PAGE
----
Activity Monitor has built-in backward compatibility; thus, you can take advantage of the dynamic management views already existing since SQL Server 2005 while connecting from a SQL Server 2008/12 Management Studio Activity Monitor. Previously, to view the equivalent information in the Activity Monitor, was, for example, loading information directly from the dynamic management views, or in SQL Server 2000 exec sp_who2, in Excel sheets to understand what was really going on across the specific servers’ activity. Thankfully, this is now all built into SQL Server Management Studio because Activity Monitor provides sortable columns, which enable exceptionally swift pinpointing of problematic operations by database, through information on execution time/frequency, reads/writes, and CPU usage. SQL 2012's version of Activity Monitor has improved column resizing, but is pretty much the same as the 2008 version.
Activity Monitor Gives you a great overview of the SQL Instance, just like Rome from Villa Medicci, Bourhgese Gardens
Looking South over Rome, from the Villa Borghese 

Since the initial version of SQL Server 2008 was released, you have been able to view real-time critical SQL Server process details and even sort by the worst-performing queries—whether it be by the number of times the offending code is run per minute, which login is running it, which database it is in, which application it is running from, etc. In Activity Monitor, practically everything you need to fix SQL Server issues is available, including the option to right click on a line in Recent Expensive Queries to optimize the problematic code right away.

There are four panes with graphs for each, plus collapsible details, so you can view/filter processes, resource waits, disk activity, and Recent Expensive Queries. By hovering over any of the columns within the respective information panes, one can also see which dynamic management view was used to provide the systems management information; for further investigation and perhaps even set up alerts for when thresholds are met. Even if you cannot update your instances to SQL Server 2008 for a while, then you can use the updated client tools in SQL Server Management Studio to benefit from this updated feature—in my opinion, a critical step in remediation.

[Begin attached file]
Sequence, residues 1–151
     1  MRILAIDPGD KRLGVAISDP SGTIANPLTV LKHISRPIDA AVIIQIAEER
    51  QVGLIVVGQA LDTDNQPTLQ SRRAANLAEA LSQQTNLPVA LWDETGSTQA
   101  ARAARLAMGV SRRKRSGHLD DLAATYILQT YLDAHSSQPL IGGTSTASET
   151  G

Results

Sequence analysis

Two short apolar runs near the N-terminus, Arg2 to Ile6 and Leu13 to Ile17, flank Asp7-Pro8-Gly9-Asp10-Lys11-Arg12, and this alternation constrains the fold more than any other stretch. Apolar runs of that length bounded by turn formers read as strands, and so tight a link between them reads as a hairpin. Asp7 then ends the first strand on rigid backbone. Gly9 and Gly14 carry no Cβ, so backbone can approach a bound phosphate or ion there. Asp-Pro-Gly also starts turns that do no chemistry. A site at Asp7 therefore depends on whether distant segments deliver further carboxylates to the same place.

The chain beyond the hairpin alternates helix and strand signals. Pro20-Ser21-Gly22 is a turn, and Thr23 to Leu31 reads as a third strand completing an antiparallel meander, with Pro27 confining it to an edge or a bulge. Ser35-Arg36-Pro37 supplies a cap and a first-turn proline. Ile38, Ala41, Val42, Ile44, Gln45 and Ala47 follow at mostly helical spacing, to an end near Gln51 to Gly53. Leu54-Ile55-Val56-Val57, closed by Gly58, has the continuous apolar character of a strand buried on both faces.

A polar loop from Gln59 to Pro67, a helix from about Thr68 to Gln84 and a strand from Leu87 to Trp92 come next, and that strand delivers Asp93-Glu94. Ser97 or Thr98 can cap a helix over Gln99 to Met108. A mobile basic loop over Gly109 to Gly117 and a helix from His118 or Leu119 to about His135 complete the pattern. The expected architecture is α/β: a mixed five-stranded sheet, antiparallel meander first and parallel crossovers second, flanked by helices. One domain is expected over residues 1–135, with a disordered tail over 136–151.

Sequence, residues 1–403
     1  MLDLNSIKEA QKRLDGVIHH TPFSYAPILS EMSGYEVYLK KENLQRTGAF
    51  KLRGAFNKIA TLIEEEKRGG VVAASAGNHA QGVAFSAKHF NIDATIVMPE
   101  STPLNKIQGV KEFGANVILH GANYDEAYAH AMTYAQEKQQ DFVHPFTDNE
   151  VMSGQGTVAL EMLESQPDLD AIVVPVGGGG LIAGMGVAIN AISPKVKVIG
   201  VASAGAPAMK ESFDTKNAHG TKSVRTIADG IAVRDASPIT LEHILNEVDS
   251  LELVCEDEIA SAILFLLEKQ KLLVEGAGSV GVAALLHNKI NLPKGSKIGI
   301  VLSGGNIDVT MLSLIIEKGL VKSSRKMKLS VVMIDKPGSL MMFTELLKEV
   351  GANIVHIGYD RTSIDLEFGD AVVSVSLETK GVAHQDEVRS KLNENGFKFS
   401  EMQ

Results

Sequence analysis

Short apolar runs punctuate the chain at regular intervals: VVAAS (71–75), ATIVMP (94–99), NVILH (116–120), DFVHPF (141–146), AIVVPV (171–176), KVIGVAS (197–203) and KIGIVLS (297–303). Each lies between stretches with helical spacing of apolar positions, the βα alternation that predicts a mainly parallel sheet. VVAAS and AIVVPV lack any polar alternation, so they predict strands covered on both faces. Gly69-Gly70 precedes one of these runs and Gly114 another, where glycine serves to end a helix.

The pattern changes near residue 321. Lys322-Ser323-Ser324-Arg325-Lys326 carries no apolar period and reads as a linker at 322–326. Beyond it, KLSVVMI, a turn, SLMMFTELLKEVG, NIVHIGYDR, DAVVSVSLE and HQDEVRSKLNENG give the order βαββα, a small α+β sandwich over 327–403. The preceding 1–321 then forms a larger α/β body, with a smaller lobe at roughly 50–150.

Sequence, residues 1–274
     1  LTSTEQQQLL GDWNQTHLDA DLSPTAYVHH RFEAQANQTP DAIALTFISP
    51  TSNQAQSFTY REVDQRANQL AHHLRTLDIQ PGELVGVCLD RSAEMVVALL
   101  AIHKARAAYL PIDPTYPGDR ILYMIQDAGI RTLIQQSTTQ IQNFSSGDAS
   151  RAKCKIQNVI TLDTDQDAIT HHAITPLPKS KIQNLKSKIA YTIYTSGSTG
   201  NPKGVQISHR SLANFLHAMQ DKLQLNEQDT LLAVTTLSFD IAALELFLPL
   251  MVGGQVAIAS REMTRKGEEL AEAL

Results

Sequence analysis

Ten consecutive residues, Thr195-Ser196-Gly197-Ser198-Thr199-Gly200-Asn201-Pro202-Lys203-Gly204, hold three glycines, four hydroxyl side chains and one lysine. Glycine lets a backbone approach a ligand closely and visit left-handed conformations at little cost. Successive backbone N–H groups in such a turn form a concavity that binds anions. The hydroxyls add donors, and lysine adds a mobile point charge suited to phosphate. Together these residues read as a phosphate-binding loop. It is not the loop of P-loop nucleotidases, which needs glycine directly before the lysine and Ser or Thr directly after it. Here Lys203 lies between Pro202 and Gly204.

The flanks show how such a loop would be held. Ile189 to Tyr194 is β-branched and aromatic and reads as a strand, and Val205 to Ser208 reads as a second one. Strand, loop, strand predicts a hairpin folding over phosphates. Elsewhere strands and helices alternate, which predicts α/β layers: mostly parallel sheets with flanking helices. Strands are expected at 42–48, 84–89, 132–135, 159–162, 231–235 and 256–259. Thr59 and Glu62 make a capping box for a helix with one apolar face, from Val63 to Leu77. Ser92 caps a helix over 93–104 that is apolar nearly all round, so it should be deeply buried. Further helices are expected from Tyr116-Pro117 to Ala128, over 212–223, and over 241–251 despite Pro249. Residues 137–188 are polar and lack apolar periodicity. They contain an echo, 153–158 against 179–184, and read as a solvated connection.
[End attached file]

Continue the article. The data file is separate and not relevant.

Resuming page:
Happy spring to  all my  readers, this summer is going to be a scorcher in North America, I can feel it :)

Avoid Database Restore Issues (Errors 3219 or 3514) by a Simple Script Edit - the DB Restore Work-around

Starting with the 1000 foot view: During the process of applying changes to a production database - let's call it Change Management (pick your ITIL or COBIT method accordingly), we should always go through a thorough testing process on an exact copy and environment too, if possible, of the production database itself. Developers especially are familiar with this process, since they are often handed off a database backup and told to simply 'deal with it', however they often find themselves in this frustrating situation where Error 3154 or 3219 comes up, and this post is to explain the simple work around, instead of reading a big thread on MSDN. Straight to the point, there is a quick method to avoid Error 3154: The backup set holds a backup of a database other than the existing database message and 3219 which are related errors to restoring. In other words, the non-matching backup set restore failure that I have been stumped on occasionly, until I remember to edit the script as below.